The detailed theoretical and experimental analysis of the angular distributions of electrons from interatomic Coulombic decay (ICD) of the Ne dimer in the molecular frame is performed. In the initial state the doubly charged dimer ion has one 2s vacancy and one 2p vacancy on one atom. After the ICD process the neutral neon atom is ionized and the triply charged molecular ion dissociates into singly and doubly charged atomic ions, Ne2 +(2p -2)+Ne +(2p -1). From the coincident measurement of kinetic energy release (KER) of the ions and the ICD electron the decay channel can be identified unambiguously. The most detailed experimental data have been obtained for the singlet dicationic state Ne2 +(2p -2) [1D]. Different KER energies correspond to different internuclear distances at which the ICD process takes place. In experiment the data have been presented for three regions of KER energies, and the corresponding calculations have been performed for three fixed internuclear distances. In calculations we imply that all the electrons in Ne 2 to a good approximation are localized. However, we need to retain the molecular character of the dimer wave functions which opens the possibility for the ICD process. To do it, we calculate at first the Hartree-Fock ground state wave functions of the neutral Ne 2 dimer using the standard procedure for homonuclear diatomic molecules corresponding to the D h symmetry group. For the doubly charged ion Ne 22 + with two vacancies on one atom the symmetry is lowered to C v, and we are looking now for the set of one-electron Hartree-Fock wave functions which are localized either on the left or on the right atom as a linear combination of symmetry-adopted wave functions. The theory correctly reproduces the experimental data and predicts the sharp variation of the angular distributions as a function of internuclear distance.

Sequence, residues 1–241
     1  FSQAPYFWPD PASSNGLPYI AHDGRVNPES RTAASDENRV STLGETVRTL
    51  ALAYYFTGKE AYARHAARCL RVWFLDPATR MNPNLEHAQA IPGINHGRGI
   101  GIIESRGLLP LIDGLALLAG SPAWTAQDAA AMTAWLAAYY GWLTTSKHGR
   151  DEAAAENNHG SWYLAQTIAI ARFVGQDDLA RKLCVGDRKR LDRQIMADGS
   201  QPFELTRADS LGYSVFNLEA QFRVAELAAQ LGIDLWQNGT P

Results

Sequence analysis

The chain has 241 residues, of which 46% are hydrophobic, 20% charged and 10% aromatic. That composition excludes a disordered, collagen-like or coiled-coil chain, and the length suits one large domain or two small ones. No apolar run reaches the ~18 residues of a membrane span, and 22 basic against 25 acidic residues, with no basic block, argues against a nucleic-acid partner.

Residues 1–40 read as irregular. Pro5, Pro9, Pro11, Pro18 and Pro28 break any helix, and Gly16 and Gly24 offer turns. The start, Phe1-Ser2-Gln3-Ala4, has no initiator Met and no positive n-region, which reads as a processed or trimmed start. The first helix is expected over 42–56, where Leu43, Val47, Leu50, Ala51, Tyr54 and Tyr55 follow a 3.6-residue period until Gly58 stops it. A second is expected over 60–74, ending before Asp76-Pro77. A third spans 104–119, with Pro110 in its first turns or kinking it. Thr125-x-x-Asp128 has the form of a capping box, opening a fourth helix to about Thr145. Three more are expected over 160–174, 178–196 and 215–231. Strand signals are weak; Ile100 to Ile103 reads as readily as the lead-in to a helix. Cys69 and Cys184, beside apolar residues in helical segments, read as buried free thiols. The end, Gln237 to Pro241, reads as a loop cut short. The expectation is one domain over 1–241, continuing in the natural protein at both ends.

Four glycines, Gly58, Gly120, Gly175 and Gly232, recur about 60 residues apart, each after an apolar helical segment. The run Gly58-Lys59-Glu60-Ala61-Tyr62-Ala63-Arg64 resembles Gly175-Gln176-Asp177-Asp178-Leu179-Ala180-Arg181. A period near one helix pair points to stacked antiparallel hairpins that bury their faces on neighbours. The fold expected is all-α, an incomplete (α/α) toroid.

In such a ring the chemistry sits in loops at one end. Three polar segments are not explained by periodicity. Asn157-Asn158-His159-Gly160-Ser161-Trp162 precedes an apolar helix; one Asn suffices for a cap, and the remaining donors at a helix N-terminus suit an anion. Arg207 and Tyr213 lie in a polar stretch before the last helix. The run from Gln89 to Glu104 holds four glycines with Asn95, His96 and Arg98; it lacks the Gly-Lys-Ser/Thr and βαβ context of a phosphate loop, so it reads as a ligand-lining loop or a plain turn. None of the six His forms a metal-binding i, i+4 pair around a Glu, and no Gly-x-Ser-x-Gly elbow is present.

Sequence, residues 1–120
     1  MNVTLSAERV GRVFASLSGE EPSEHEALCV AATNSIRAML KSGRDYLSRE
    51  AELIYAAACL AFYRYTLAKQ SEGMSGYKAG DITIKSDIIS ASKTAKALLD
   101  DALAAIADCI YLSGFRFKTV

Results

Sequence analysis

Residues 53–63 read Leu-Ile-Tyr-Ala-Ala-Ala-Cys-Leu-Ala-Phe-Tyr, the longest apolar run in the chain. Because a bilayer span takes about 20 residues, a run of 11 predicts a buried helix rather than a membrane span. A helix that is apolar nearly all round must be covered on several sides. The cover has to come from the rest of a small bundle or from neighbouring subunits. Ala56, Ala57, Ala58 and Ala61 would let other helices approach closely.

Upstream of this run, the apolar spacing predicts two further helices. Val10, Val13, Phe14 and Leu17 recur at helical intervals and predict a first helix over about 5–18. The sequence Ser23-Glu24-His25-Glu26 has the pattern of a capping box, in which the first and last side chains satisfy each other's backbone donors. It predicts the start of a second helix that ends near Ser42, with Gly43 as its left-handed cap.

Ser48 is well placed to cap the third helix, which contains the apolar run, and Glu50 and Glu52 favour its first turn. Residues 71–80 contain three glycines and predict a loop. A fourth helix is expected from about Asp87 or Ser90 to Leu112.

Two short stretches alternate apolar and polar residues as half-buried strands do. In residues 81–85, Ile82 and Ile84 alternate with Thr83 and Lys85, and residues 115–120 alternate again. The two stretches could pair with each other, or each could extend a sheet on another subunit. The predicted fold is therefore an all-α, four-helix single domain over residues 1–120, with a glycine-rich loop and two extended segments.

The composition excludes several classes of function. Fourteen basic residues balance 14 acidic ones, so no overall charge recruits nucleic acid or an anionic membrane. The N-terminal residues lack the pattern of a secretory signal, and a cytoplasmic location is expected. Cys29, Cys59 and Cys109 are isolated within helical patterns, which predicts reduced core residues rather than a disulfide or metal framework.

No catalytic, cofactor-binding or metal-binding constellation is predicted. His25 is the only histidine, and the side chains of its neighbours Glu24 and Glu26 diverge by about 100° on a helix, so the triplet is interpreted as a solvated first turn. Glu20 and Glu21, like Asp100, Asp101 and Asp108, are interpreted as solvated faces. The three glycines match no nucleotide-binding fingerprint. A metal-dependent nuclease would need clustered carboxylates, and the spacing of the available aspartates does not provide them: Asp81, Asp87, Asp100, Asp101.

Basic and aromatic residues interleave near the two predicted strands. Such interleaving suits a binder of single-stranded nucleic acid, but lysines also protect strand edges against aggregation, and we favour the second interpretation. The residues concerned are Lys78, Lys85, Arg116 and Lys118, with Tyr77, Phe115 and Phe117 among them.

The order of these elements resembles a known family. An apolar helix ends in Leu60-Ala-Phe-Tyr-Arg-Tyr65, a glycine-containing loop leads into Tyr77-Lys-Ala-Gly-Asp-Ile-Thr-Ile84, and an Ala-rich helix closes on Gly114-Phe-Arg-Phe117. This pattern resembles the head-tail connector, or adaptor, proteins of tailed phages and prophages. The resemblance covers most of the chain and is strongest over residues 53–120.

|Journal||Physical Review A - Atomic, Molecular, and Optical Physics|
|Publication status||Published - 2012 Apr 24|
ASJC Scopus subject areas
- Atomic and Molecular Physics, and Optics